The Australian recently revealed the aged-care sector had greatly increased its use of short-term contract workers in a bid to fulfil Labor’s stringent staffing reforms, rapidly escalating the cost burden on providers and threatening their viability. Providers’ reliance on expensive agency workers has quadrupled, with externally contracted staff employed by a third party now delivering 7.5 per cent of total direct care hours worked, compared with just 1.8 per cent in 2019. Grant Thornton national head of health and aged care Darrell Price said efforts to increase the number of nurses working in aged care needed to ramp up to meet projected demand as the population ages. “The 1 per cent increase in nurses as reported by the Department of Health is a long way short of the number required to meet significantly increasing demand as baby boomers enter into aged-care services,” Mr. Price said. Providers are calling for the government’s suite of reforms to be delayed enabling workforce levels to rise, as well as to meet the care minutes through innovative solutions such as nursing support by video or phone conferencing.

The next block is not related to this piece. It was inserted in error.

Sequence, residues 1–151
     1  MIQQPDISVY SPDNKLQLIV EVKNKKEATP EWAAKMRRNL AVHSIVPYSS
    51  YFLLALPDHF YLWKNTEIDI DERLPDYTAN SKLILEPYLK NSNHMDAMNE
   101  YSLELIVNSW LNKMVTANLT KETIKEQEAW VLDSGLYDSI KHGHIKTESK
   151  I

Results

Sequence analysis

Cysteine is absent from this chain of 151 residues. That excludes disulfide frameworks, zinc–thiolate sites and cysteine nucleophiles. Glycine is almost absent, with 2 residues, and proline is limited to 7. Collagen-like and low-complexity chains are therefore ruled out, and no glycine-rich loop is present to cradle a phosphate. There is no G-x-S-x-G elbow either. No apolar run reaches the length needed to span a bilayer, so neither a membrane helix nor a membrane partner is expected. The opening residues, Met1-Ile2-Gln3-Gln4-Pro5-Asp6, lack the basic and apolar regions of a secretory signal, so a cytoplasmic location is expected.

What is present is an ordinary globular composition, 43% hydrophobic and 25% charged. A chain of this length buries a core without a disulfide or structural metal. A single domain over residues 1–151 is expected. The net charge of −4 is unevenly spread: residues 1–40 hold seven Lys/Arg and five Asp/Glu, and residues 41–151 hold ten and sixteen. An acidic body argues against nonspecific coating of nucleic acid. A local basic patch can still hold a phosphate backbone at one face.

Aged Care Industry Association chief executive Peter Hoppo said telehealth support could contribute to addressing workforce shortages and help services in regional and rural areas achieve care-minute targets with minor changes to the legislation. “The acute shortage of nurses only exacerbates the significant challenges currently facing the sector, including providers who are caught between a rock and a hard place, tasked with raising care standards and supporting workforce changes with fewer qualified staff,” Mr. Hoppo said. Aged Care Minister Anika Wells blamed workforce shortfalls on “nine years of Coalition neglect” and poor planning. Ms Wells said Labor was addressing the shortfall by funding an $11.3bn pay rise for more than 250,000 nurses in aged care. The Coalition seized on the government’s updated workforce projections, saying Labor had failed to address critical labour shortages despite promising to fix the aged-care sector.